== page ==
impedance, permitting one to easily tune the rectifier by sweeping ω0 followed by Z0 . In turn, knowing the desired
values of ω0 and Z0 readily yields component values for Lrect and Crect .
  Figures 3 and 4 illustrate the point. Figure 3 shows simulated rectifier voltage and current waveforms and their
fundamentals. As ω0 is swept, the phase angle between the fundamental current and voltage changes. When this
angle is zero, the rectifier looks like a resistor at the fundamental of the switching frequency. Subsequently
sweeping the value of Z0 in the same rectifier, as in Figure 4, changes the amplitude of the current, but not the
phase angle. This sets the power level while the rectifier continues to appear resistive. The ability to control these
parameters independently allows easy design.
  Typically, in-phase fundamental rectifier voltage and current corresponds to the best converter operating efficiency.
This is not surprising as it minimizes the circulating currents for a given level of output power. Since the phase of
the rectifier voltage and current changes as both the converter input voltage and output voltage change, some care
must be taken in selecting ω0 . Often the nominal operating point is a good choice. Then when the converter is
operating under its intended load and input voltage, high efficiency is achieved. However, another tuning point may
be better to keep the efficiency above a minimum value over the entire operating range. This is easily accomplished
by changing ω0 . Any change in power level at the desired operating point can then be compensated with a change
in Z0 . It should be noted that finite diode capacitance places a lower bound on the value of Ctot , limiting both the

                                                                            Rectifier Waveforms as F is swept from 65MHz to 75MHz

                                     Amplitude [V]

                                                                                iFrec         increasing Fc


                                                           0           5   10           15      20       25           30      35       40   45   50
                                                                                                      Time [ns]

                                                      30                                                   Vrec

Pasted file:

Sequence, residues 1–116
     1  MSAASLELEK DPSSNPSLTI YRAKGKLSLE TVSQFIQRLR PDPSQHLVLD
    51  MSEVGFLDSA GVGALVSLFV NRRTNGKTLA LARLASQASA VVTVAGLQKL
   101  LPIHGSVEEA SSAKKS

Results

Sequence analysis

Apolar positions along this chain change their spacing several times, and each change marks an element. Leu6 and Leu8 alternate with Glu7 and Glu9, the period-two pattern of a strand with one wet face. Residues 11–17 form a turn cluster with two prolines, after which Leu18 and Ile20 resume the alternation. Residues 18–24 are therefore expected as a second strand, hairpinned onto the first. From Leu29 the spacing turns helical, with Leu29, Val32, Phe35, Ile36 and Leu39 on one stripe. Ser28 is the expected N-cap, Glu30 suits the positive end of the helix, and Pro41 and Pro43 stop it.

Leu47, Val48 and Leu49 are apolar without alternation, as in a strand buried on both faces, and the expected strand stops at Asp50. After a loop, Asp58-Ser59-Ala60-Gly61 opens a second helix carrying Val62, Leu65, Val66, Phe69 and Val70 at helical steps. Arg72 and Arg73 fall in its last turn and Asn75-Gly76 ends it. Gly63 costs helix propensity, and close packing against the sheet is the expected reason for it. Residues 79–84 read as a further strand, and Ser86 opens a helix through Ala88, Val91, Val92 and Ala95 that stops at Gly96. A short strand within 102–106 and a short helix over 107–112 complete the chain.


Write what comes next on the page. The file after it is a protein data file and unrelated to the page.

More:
Amplitude [V]

                                                      10       iload

                                                           0           5   10           15      20       25           30      35       40   45   50
                                                                                                      Time [ns]

Fig. 3.   The top set of curves plots the fundamentals of the voltage and current at the rectifier input port (the bottom curves are the actual
voltage and current). As the value of ω0 is swept, the phase relationship between the voltage and current fundamental changes. At some value
the rectifier can be made to look resistive.

                                                                                  Rectifier Waveforms as ZO is swept from 10Ω to 25Ω
                                                      10                                                     Frec
                                     Amplitude [V]


                                                       0                                                              i



                                                           0           5   10           15      20       25           30      35       40   45   50
                                                                                                      Time [ns]

                                                      30                                              Vrec
                                     Amplitude [V]

                                                           0           5   10           15      20       25           30      35       40   45   50
                                                                                                      Time [ns]

Fig. 4. This same set of curves as in Figure 3 is plotted here, but ω0 is held constant while Z0 is swept. It is evident that the phase relationship
between the voltage and current remains nearly constant while the amplitude of the current changes. This changes the equivalent resistance of
the rectifier at the fundamental, providing a design handle for converter output power.